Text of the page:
This informational text resource is intended to support reading in the content area. This article explains the types of light on the electromagnetic spectrum that our eyes cannot detect; to make them visible, scientists use telescopes to take amazing photographs. Computers turn the data into color that the human eye can see, so the colors are actually "false colors." The article includes additional links, including the Hubble Space Telescope website gallery of photographs.

Type: Text Resource

Florida Riding a Lucky Streak as Hurricane Season 2014 Opens:

This informational text resource is intended to support reading in the content area. This article reports on the "lucky streak" Florida has had in hurricane seasons since 2005 and explains why the trend cannot last forever. The author also focuses on storm surge damage and explains the new computer programs that use interactive real-time maps to predict storm surges and the need for evacuations.

Type: Text Resource

The Most Popular Stars :

This informational text resource is intended to support reading in the content area. This article discusses how stars are classified, especially the different types of dwarf stars. It is still under debate how some star-like objects, like brown dwarfs, should be classified. The text also describes the life cycle of stars, explaining how they change in size and mass over time and eventually expand and die.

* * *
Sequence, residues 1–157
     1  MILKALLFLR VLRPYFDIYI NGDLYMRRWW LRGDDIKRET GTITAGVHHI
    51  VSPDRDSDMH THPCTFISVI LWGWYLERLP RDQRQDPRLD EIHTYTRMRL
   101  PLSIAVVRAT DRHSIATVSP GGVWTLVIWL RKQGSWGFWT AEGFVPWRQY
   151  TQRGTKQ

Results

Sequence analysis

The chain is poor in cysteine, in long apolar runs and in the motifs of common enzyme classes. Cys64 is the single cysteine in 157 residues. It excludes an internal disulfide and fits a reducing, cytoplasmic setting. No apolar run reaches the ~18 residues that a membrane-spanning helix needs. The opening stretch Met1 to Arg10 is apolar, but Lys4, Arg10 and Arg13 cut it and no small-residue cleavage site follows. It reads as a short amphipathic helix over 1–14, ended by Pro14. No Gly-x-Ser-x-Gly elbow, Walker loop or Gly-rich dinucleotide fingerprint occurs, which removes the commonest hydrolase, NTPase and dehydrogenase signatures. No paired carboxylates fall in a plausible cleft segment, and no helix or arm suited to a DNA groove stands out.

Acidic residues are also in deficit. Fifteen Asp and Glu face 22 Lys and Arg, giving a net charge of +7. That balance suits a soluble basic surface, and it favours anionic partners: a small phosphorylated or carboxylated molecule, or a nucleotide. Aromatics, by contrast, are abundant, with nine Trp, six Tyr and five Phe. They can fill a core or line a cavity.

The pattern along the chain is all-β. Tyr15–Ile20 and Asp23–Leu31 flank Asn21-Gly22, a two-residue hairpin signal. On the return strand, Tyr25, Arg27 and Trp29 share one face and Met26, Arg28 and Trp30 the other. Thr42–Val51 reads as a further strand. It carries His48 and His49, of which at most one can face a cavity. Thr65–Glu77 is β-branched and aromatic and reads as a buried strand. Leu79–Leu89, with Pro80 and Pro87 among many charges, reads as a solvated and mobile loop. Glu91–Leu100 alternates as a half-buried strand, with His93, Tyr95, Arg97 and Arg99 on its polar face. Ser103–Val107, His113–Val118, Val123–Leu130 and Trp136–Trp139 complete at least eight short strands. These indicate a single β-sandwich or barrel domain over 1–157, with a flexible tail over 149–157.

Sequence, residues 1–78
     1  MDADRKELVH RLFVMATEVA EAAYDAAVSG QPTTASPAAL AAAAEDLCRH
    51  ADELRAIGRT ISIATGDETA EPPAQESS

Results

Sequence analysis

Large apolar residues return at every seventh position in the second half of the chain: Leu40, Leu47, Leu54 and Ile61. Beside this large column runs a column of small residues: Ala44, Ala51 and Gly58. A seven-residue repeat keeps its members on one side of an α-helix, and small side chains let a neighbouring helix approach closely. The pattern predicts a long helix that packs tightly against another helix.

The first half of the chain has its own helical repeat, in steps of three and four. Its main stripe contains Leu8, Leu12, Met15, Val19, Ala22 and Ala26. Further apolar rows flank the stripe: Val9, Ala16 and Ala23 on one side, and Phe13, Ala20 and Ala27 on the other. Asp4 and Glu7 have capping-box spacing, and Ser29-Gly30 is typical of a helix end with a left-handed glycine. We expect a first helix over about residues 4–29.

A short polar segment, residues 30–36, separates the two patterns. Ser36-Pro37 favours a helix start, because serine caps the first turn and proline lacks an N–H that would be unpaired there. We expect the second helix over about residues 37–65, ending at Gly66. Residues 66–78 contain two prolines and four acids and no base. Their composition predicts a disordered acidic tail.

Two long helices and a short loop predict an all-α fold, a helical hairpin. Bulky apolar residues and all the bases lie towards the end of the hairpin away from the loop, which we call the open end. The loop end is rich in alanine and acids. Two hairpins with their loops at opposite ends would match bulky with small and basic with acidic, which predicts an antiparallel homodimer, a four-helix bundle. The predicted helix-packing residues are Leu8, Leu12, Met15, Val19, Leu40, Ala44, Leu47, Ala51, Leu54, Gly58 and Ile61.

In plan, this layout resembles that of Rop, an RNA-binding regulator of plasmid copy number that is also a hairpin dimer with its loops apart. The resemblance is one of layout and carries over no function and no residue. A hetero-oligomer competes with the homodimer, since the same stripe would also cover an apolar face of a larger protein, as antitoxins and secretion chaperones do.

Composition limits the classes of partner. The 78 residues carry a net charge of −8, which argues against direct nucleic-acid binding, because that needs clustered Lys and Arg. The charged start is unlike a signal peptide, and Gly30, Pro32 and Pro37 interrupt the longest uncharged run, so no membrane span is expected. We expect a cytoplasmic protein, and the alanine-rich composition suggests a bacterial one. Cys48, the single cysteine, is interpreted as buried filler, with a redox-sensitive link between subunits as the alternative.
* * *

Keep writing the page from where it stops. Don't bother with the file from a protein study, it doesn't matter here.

Type: Text Resource

Brightest Stars: Luminosity & Magnitude:

This informational text resource is intended to support reading in the content area. This text briefly describes how astronomers have measured and quantified the apparent brightness and magnitude of stars as astrophysics has evolved over time. This article also discusses the limitations of absolute magnitude in terms of the technology tools utilized.

Type: Text Resource

Will the World's Newest Lightest Material Be Instrumental in Cleaning Up Toxic Oil Spills?:

This informational text resource is intended to support reading in the content area. Chinese researchers recently created a new "lightest solid," an aerogel of carbon nanotubes with a density of 0.16 mg/cm3. Unlike its aerogel predecessors, the substance has practical applications and may prove extremely helpful in cleaning up toxic oil spills.